However, an administrative error puts both Liv and Emma's wedding on the same day, as opposed to the two weeks apart they had originally planned. This sparks an argument between Liv and Emma over who must cede their day when the woman who got Emma's intended date refuses to deal. As a result, Emma and Liv go to war with one another, escalating pranks as they try to pressure the other into relinquishing the hotel and the date so the one might have the dream wedding at the expense of the other.
And yes, this is where the movie takes a turn for the completely stupid and predictable. It is a terribly unfunny romantic comedy for giggling girls for whom the wedding day truly is everything in their life. But more than that, Bride Wars annoyingly reinforces the age-old stereotype that women are conniving, backstabbing, shrews who will stop at nothing to get their way. And yes, Bride Wars is about reinforcing the lack of reason society projects against women. The men in the film ask (not nearly soon enough for my liking) "Why can't we have a double wedding?" And the answers Emma and Liv come up with are far from satisfactory.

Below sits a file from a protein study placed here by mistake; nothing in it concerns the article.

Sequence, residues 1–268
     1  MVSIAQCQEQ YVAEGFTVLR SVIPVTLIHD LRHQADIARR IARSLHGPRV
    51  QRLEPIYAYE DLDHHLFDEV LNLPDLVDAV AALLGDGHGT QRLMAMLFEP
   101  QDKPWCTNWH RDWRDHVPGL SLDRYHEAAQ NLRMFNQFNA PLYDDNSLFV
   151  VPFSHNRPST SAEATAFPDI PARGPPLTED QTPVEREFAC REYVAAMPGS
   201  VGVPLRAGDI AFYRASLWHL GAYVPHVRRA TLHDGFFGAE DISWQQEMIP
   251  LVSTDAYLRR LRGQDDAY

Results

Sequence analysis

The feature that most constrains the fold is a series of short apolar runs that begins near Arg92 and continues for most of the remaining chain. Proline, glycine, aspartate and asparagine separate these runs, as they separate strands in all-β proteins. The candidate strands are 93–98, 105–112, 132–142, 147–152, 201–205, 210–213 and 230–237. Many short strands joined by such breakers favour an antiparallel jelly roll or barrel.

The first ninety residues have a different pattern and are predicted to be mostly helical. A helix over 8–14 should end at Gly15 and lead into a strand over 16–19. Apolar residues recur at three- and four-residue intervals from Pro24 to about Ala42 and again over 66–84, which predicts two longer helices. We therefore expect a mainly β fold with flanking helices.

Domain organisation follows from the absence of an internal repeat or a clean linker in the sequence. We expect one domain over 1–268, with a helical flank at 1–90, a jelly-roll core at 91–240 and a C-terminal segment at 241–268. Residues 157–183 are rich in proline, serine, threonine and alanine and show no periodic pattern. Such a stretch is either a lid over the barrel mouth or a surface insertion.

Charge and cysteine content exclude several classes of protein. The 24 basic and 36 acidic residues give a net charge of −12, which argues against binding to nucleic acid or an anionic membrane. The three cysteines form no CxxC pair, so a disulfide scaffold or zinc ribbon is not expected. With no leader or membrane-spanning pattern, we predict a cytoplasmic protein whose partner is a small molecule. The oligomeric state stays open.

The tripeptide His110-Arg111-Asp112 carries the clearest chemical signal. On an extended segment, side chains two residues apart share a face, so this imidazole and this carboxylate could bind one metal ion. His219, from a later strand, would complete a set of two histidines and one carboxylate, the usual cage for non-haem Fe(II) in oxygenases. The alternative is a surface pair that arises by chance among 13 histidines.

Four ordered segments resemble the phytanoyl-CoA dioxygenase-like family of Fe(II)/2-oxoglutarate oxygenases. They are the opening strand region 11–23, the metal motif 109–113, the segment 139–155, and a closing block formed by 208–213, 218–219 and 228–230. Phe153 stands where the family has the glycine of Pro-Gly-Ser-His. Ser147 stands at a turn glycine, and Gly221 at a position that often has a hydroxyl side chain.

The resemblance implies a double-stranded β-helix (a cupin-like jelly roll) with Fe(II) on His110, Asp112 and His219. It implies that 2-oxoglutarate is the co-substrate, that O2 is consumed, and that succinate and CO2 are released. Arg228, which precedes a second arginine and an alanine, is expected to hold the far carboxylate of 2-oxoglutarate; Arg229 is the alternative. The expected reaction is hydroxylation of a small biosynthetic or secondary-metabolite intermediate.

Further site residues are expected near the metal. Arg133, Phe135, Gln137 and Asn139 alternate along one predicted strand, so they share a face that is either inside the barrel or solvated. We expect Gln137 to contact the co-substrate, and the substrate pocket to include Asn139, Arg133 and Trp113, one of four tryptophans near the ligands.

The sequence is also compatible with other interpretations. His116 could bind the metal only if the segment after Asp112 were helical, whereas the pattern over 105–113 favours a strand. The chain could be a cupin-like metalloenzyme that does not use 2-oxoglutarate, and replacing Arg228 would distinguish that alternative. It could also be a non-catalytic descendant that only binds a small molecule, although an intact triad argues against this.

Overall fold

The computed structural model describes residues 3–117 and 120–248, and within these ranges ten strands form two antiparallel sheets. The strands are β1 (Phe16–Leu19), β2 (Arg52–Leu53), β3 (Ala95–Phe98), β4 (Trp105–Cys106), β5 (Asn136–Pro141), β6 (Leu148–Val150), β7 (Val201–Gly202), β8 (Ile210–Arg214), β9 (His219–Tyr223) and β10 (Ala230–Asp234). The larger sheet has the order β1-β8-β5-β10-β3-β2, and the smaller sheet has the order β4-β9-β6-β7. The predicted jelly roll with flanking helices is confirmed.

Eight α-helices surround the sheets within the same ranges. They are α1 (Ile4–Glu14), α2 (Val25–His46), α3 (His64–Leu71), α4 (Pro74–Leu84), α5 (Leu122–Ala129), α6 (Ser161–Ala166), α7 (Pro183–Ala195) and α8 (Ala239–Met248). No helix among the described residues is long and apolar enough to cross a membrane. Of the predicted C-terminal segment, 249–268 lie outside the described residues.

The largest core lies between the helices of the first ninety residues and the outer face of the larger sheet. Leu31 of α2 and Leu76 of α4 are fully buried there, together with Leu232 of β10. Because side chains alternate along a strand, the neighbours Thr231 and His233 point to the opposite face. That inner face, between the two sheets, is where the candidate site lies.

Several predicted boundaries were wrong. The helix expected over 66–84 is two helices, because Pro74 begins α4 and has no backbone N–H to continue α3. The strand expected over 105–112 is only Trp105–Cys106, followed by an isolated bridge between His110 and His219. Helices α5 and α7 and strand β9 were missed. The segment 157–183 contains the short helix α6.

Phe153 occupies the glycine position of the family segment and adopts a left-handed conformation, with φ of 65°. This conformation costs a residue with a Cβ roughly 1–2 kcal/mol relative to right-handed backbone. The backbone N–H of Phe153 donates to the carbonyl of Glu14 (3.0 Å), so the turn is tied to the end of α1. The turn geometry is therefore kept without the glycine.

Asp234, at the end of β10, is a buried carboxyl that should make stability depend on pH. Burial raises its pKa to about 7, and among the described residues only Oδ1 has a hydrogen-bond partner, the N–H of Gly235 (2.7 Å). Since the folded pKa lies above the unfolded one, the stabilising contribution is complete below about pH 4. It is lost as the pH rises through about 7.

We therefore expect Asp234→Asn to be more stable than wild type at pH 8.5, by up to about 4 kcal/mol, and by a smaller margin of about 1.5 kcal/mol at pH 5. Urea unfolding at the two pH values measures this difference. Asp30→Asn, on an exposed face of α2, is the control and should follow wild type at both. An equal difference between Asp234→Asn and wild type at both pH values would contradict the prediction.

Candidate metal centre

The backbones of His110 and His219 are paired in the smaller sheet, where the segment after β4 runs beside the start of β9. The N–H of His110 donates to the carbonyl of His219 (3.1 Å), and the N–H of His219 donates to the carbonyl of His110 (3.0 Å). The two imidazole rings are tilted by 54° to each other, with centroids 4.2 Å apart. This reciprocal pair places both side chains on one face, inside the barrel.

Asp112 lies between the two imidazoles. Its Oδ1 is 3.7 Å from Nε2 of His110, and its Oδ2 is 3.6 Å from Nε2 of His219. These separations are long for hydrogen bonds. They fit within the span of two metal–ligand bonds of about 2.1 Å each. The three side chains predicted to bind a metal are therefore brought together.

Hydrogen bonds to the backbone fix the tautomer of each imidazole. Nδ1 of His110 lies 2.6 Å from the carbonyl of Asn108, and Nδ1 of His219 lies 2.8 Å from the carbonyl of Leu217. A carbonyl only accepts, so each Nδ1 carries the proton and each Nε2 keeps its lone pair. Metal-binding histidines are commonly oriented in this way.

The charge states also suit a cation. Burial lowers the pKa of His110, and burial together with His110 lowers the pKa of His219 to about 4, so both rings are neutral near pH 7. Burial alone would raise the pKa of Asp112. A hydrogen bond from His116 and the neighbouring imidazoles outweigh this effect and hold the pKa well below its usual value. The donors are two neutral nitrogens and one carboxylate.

Bride Wars reinforces the thin Hollywood ideal of women as well as the notion that the wedding day is so important that the perfect garment takes priority over the individual. Yes, we learn that the Vera Wang does not change for the woman, she must change for the dress. Bride Wars lacks any real humor about the events and instead becomes a stupid prank movie that has little real difference to the old college frat prank movies of the early '80s. Two women go to war and neither is terribly likable after about five minutes of their fight beginning.
The thing is, in addition to reinforcing old, pre-Feminist ideals of women and women's behavior around weddings, Bride Wars is just terribly predictable, resulting in a low amount of entertainment value. The plot is utterly predictable. From the moment that Emma and Liv discover that Liv is going to be proposed to, the seasoned viewer knows Emma will be proposed to first and throughout the movie, all of the reversals were either completely unsurprising or were ruined by their presence in the film's trailer.